Ear Say: More CDs
The Haunted Windchimes and Bellowhead
By: David Wilson - Feb 04, 2013
Two wild extremes each in their own way quite satisfying comprise the pair we report on today. One hails from the mountains of Colorado and the other from the British Isles. The first uses traditional string band arrangements with contemporary if vintage themed lyrics while the second brings more contemporary arrangements to a program of all traditional material. Both have found themselves included in someones "Best of 2012" list.
Out With The Crow
By The Haunted Windchimes
Blank Tape Records
This group was brought to our attention recently as a response to an earlier review of “Best of” CDs.
Fascinated by the name of the group but leery of what they might actually be generating, yet curious on hearing that they had performed on Prairie Home Companion, I was instantly converted to a delighted and ardent listener, and have since taken every opportunity to share this CD with anyone who will listen.
This roots styled string band writes most of their own songs, but they sure sound like they could be from the pre-digital years. For my peers, I suggest that if you were fond of the Kweskin Jug Band or other similar groups you will find here a band worthy of carrying on that tradition. I do not mean to say that they sound alike, but that they have a similar musical sensibility and create a diverse program of music reminiscent of those other bands.
Siblings Chela and Inaiah Lujan, brother and sister, harmonize with Desirae Garcia beautifully. During solos, each of the ladies has a delicate fragile timbre that builds a sweet lyrical tension. Inaiah has a voice smooth as maple syrup, smoky as bacon and sings without effort. Instrumentally these three on banjo, guitar and ukulele are enhanced and supported by Mike Clark’s versatility on mandolin, guitar and harmonica and with a rock solid bass line set down by Sean Fanning.
From the opening title tune “Out With The Crows” through to the very end, a waltzing metaphorical lament by Desirae, each song is unique. As with many superb releases, my favorite changes each time I listen and often several times in the course of a single listen.
Foremost in this program is the intense sense of intimacy established between the performers and their music and how openly they share that intimacy with the listener. Secondly, the restraint that is exercised in every number forces us to anticipate each note, each rhythmic or melodic change. This in turn results in a feeling of satisfaction with the completion of each musical phrase. Thirdly, I hear throughout, echoes of musical phrases from the swing band tunes of ‘40s pop.
I have not heard their earlier release, “Honey Moonlight,” but what I gather from other’s comments is that the band has matured, gelled, and plays now with a confidence and self awareness that promises many future successes.
I know I want more.
Here is a live performance video of "Out With The Crows"
If there can be a group more diametrically opposite in approach than that above, Bellowhead is surely in contention. Broadside, in the sense of all cannons firing in unison from one side of a man of war, is an apt description of this release by the 11 member band. Brass, reeds, percussion as well as strings bring a musical approach embracing pub song to music hall to full stage musical revue. The irony is that every single number here is a traditional ballad, worksong, drinking song, or shanty.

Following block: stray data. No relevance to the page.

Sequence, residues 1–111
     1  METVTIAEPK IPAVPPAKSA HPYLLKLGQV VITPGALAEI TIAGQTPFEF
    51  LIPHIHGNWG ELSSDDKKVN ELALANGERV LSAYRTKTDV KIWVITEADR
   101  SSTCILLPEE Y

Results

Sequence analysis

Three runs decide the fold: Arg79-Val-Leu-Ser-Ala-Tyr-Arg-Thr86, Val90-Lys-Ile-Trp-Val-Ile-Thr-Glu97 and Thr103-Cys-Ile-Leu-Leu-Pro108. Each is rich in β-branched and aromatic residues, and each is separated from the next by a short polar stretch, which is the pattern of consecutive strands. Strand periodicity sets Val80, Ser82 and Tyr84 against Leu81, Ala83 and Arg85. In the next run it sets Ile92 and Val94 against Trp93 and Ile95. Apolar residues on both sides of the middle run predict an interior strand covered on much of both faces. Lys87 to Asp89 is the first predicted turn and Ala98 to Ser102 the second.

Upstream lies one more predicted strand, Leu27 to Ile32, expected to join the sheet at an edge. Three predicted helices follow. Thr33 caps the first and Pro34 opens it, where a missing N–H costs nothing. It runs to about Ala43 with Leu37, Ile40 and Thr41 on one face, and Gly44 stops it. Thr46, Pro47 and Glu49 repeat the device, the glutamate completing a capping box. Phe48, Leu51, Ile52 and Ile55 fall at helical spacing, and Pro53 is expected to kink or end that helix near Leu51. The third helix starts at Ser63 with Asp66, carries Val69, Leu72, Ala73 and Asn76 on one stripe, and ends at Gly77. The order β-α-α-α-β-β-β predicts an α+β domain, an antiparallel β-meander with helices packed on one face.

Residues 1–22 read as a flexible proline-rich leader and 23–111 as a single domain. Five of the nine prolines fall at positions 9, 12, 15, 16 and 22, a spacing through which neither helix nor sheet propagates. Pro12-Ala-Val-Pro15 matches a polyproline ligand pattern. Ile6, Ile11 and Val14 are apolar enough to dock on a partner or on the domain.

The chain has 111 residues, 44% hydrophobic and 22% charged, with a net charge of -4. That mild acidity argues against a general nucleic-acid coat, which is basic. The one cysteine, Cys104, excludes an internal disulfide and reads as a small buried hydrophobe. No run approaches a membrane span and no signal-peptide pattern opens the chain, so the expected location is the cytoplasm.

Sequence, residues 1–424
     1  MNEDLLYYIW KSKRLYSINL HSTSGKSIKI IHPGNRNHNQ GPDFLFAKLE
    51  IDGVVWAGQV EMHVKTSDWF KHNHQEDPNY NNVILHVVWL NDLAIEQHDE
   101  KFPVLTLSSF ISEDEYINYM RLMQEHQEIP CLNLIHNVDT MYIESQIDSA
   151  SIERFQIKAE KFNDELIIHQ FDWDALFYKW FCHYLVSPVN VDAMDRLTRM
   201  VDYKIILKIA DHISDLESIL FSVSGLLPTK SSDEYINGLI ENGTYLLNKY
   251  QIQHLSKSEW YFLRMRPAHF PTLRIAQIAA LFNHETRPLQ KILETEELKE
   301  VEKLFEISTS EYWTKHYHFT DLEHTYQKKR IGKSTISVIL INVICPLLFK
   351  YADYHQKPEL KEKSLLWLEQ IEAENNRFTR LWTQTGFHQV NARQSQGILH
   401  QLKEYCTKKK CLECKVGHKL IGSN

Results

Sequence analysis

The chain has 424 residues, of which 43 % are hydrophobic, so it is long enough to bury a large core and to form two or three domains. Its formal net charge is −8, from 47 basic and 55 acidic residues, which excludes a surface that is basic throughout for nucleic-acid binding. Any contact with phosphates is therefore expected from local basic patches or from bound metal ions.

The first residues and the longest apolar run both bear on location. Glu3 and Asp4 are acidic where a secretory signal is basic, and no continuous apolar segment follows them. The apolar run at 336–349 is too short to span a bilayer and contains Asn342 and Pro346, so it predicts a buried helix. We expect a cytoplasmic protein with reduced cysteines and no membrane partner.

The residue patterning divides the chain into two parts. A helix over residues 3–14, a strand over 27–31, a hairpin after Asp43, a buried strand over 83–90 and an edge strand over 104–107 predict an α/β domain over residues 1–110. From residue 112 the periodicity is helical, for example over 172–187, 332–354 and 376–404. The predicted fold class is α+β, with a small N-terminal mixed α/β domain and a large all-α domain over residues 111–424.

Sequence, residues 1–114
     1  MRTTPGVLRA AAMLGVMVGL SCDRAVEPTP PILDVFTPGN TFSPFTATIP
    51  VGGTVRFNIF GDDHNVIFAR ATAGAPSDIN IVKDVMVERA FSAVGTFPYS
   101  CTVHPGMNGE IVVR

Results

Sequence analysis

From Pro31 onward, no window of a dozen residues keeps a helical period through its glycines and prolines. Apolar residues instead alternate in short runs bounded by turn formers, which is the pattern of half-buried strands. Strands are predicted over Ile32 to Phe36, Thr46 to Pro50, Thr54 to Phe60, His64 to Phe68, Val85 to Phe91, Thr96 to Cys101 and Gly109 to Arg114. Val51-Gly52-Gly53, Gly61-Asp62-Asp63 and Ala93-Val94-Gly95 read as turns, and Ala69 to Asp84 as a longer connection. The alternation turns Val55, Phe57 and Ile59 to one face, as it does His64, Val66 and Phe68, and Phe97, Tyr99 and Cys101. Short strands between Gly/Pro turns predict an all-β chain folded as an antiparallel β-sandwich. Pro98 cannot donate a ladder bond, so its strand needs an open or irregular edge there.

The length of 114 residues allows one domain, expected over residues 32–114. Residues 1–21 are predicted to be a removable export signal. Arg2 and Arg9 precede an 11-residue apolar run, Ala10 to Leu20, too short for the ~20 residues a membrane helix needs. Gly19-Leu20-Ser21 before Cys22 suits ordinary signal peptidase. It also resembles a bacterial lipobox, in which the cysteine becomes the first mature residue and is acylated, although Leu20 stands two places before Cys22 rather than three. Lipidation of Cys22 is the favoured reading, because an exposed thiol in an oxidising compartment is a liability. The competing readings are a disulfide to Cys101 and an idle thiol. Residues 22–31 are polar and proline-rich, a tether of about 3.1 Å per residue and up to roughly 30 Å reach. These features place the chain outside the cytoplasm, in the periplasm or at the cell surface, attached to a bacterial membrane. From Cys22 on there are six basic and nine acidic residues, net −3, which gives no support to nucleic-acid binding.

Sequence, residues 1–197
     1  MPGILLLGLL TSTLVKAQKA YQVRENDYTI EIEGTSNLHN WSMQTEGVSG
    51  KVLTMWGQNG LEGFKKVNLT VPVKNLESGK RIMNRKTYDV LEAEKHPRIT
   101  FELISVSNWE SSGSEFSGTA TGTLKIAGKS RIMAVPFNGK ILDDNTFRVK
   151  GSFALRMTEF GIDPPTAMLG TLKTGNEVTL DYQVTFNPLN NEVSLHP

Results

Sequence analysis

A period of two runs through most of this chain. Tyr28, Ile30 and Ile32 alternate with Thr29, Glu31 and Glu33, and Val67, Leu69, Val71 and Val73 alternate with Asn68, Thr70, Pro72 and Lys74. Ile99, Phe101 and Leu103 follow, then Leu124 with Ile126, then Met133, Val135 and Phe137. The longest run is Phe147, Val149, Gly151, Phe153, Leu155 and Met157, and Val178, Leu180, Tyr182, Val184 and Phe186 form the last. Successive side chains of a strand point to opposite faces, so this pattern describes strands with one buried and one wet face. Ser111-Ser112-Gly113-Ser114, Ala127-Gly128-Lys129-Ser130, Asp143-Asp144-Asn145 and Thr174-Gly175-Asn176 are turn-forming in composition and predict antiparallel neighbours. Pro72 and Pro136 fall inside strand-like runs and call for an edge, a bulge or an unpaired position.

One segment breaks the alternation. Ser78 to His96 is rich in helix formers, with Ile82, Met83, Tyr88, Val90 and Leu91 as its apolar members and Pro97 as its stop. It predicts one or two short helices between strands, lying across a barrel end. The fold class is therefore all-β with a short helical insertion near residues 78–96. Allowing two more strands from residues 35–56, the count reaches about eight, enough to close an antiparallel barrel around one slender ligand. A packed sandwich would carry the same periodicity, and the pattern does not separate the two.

Other writers have previously commited to print their doubts that Bellowhead could ever encapsulate in a recorded performance, the outrageous energy, the boisterous, rowdy, raucous performance that they bring to their live performances. With Broadside, they come as close to it as I can imagine possible.
I enjoyed this program from the opening 19th century ballad, “Byker Hill” (and Carthy Swarbrick fans will be taken aback by this version) all the way through to the final shanty, “Go My Way.” There is only brief tempering of pace for the reflective “Betsy Baker”, the chaotic clamoring of “Black Beetle Pies” and the melancholy indulgence of “What’s The Life Of A Man?” and otherwise they are at full tilt with such rich harmonies, such captivating rhythms it is nigh impossible to sit still rather than stomp and prance about with them. And by the end of most songs, this listener, at least in private, is roaring out the chorus lines right along with them.
Most of the lead vocals fall upon the more than competent voice of frontman Jon Boden, but he is supported by a number of other fine singers in the group.
In many ways this group is the natural evolved spawn of the British folk-rock groups of the ‘60s, Pentangle, Fairport Convention and Steeleye Span. They breathe the same vitality into the material, they involve the emotional complicity of their audience and they entertain to beat hell.
Bellowhead is a joy. I pray I get to experience them live. Until then, I am glad to have this release.
Here they are with Byker Hill